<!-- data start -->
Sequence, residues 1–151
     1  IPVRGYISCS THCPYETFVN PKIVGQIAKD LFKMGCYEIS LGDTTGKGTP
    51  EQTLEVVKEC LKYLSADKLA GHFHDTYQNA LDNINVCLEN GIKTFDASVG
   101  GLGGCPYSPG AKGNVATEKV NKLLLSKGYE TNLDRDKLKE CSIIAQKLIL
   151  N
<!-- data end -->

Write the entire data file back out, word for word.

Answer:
Sequence, residues 1–151
     1  IPVRGYISCS THCPYETFVN PKIVGQIAKD LFKMGCYEIS LGDTTGKGTP
    51  EQTLEVVKEC LKYLSADKLA GHFHDTYQNA LDNINVCLEN GIKTFDASVG
   101  GLGGCPYSPG AKGNVATEKV NKLLLSKGYE TNLDRDKLKE CSIIAQKLIL
   151  N